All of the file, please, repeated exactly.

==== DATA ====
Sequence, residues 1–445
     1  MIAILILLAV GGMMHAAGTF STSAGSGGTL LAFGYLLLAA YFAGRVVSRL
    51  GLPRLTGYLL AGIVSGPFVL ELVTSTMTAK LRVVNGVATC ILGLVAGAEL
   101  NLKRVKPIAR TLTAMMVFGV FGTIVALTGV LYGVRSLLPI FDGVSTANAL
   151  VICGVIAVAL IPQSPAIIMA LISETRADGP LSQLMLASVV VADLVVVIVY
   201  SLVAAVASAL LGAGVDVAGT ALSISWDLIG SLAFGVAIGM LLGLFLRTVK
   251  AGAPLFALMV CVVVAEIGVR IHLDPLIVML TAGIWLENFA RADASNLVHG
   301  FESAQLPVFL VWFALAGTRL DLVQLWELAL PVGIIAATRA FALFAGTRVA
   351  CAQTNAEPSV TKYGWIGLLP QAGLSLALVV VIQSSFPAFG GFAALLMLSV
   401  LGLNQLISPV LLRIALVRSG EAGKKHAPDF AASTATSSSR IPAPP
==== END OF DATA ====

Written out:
Sequence, residues 1–445
     1  MIAILILLAV GGMMHAAGTF STSAGSGGTL LAFGYLLLAA YFAGRVVSRL
    51  GLPRLTGYLL AGIVSGPFVL ELVTSTMTAK LRVVNGVATC ILGLVAGAEL
   101  NLKRVKPIAR TLTAMMVFGV FGTIVALTGV LYGVRSLLPI FDGVSTANAL
   151  VICGVIAVAL IPQSPAIIMA LISETRADGP LSQLMLASVV VADLVVVIVY
   201  SLVAAVASAL LGAGVDVAGT ALSISWDLIG SLAFGVAIGM LLGLFLRTVK
   251  AGAPLFALMV CVVVAEIGVR IHLDPLIVML TAGIWLENFA RADASNLVHG
   301  FESAQLPVFL VWFALAGTRL DLVQLWELAL PVGIIAATRA FALFAGTRVA
   351  CAQTNAEPSV TKYGWIGLLP QAGLSLALVV VIQSSFPAFG GFAALLMLSV
   401  LGLNQLISPV LLRIALVRSG EAGKKHAPDF AASTATSSSR IPAPP